The Franklin Literary Society served as a forum for lectures and debate among its members, as each week a member or guest lecturer read an original paper, which was then discussed. The Pittsburgh Chapter, initially organized by Thomas H. Davis in August of 1868, underwent a rebirth after the turn of the century. In 1906, former members of the group revived the Franklin and began holding meetings until the chapter formally dissolved in 1922.
From 1911 onward Franklin meetings were held at the chapter's headquarters in the Frick Building. The typical format of meetings consisted of presentations by members or outside lecturers of interest, followed by discussion. Topics of discussion were diverse in nature, including: the guarantee of bank deposits; a study of American military tactics; Aaron Burr; birth control; and the legal status of a married woman in Pennsylvania, among others. The Franklin also hosted speakers, such as a Mr. Bregg, drama critic of the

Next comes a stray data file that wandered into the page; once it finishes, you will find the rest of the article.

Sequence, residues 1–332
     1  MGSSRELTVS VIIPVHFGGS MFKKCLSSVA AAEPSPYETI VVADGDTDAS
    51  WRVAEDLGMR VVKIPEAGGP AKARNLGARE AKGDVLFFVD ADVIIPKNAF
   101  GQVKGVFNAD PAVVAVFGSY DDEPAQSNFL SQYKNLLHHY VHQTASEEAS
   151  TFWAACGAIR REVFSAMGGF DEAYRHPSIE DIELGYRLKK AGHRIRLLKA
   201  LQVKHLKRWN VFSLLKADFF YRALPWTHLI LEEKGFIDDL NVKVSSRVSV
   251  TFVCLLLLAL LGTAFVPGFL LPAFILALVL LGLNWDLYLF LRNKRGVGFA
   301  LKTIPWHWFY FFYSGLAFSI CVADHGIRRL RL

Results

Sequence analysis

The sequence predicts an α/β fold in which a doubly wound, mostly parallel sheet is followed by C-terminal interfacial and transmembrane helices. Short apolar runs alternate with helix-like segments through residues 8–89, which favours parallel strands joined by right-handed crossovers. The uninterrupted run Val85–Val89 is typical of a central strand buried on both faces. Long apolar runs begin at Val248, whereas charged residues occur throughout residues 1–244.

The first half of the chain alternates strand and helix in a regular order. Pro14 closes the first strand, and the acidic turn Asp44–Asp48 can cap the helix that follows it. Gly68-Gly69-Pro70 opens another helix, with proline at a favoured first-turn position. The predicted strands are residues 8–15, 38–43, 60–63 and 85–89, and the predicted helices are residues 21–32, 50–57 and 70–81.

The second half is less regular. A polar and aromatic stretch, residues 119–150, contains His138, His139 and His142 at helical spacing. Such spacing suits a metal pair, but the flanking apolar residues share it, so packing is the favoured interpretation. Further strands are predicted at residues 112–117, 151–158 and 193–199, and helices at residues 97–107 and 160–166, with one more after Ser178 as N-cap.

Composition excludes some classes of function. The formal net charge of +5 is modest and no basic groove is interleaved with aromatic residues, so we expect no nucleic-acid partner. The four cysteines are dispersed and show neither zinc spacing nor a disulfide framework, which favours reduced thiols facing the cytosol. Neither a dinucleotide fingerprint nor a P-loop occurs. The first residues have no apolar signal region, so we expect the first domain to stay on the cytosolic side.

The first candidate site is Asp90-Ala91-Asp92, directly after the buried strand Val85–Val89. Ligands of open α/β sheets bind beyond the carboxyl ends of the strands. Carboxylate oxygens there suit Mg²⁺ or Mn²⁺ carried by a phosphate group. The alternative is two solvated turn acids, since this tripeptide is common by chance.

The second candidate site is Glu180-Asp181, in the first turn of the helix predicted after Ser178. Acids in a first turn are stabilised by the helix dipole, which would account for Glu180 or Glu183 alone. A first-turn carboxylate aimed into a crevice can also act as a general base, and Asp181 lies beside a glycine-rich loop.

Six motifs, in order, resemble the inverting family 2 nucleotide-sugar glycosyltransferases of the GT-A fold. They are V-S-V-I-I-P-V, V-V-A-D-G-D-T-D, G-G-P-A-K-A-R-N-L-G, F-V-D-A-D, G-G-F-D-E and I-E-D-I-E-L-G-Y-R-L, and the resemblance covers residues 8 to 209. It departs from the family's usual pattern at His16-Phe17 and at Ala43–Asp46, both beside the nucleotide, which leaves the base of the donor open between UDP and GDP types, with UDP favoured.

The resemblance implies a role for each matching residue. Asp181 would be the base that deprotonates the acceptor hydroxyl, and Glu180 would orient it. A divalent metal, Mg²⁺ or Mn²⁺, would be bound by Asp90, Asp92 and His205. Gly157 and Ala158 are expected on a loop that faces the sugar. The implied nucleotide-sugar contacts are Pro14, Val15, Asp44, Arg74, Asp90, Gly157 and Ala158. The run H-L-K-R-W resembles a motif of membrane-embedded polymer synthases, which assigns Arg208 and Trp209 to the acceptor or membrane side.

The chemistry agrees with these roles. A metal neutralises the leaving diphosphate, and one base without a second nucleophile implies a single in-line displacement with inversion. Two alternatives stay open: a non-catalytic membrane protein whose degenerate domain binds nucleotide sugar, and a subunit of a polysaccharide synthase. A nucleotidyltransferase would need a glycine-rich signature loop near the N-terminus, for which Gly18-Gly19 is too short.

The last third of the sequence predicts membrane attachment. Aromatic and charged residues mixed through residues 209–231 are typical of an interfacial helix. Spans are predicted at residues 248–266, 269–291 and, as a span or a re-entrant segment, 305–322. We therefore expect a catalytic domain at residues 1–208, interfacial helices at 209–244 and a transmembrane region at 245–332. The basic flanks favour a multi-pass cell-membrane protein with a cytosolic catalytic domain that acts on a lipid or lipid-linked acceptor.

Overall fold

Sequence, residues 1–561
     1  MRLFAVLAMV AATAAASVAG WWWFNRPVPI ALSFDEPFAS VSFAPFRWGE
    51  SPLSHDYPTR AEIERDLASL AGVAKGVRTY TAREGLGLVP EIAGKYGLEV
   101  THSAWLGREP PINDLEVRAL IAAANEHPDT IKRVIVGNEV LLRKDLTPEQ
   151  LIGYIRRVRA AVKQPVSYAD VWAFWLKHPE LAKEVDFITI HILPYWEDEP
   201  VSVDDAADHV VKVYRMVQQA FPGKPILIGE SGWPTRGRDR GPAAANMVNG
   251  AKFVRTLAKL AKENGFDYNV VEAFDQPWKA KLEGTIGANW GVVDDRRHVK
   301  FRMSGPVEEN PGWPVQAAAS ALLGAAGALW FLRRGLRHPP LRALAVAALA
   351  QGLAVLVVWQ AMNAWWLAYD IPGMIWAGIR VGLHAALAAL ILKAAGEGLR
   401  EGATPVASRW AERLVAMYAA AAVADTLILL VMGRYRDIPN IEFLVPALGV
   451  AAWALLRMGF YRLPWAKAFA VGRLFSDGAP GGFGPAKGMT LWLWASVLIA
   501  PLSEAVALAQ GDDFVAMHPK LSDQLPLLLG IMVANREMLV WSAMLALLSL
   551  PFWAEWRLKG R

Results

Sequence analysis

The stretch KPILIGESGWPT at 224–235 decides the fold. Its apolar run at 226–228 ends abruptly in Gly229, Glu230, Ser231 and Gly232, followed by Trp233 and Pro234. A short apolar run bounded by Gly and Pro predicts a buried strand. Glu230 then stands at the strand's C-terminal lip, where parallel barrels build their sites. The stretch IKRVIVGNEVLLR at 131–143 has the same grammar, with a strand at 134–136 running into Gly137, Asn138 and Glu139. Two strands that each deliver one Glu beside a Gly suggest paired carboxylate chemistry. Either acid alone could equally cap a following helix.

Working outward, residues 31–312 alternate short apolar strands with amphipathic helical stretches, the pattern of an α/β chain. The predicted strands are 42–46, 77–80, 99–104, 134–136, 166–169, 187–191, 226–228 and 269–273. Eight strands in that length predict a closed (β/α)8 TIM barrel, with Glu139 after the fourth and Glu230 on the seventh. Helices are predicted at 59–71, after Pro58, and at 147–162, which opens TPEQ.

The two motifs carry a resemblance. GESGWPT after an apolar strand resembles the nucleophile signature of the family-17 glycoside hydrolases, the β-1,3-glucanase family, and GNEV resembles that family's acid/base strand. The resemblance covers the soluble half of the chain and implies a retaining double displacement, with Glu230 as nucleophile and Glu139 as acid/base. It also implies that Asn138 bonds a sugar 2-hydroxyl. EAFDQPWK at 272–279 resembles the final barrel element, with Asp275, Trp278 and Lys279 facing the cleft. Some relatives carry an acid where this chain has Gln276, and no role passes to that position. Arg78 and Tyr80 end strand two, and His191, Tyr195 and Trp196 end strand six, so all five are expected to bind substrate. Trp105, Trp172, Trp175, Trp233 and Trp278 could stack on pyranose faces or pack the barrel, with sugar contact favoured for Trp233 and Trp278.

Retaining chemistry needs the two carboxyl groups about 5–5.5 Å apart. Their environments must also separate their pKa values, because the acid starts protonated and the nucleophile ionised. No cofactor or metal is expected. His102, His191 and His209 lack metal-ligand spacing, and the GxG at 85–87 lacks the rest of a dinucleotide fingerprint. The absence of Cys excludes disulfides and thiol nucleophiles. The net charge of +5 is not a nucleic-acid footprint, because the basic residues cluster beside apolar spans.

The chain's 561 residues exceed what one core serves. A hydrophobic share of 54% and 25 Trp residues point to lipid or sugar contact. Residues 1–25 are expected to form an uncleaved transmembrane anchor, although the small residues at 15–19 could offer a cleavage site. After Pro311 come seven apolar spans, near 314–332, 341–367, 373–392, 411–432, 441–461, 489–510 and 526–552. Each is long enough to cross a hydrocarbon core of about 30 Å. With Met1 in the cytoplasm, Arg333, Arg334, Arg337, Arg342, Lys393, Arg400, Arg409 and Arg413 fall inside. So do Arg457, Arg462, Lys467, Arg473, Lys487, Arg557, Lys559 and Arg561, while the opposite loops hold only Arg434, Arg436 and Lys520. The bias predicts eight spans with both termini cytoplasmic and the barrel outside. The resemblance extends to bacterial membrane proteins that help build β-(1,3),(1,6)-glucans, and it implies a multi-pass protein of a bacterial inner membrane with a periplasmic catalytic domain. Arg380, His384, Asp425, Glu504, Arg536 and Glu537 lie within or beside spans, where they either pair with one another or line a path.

Pittsburgh Post Gazette, who, in February of 1918, spoke about "the influence of the present war on the Theatre." Dr. Z. T. Miller, a homoeopathist, lectured on the question of anti-vaccination.
One notable Franklin member, John A. Brashear, is renowned for inventing optical lenses for telescopes and directed the Allegheny Observatory from 1898 to 1900. Martin B. Leisser, an art teacher and painter and an active member of the group, founded the Pittsburgh Art Society. His friendship with Andrew Carnegie influenced the opening of an art school at the Carnegie Institute of Technology. O.A. Peterson, a scientist at the Carnegie Museum of Natural History, also held membership in the Pittsburgh Chapter. In 1893, Peterson unearthed the remains of dinosaurs in the Uinta Basin, south of the present-day Dinosaur National Monument in Utah. He went on to discover deposits of Miocene mammals in 1905 in what is now the Agate Springs Fossil Beds National Monument in Nebraska.
The diverse professions and accomplishments of the aforementioned individuals offer a glimpse at the breadth of knowledge and achievement found among the members of the Franklin Literary Society.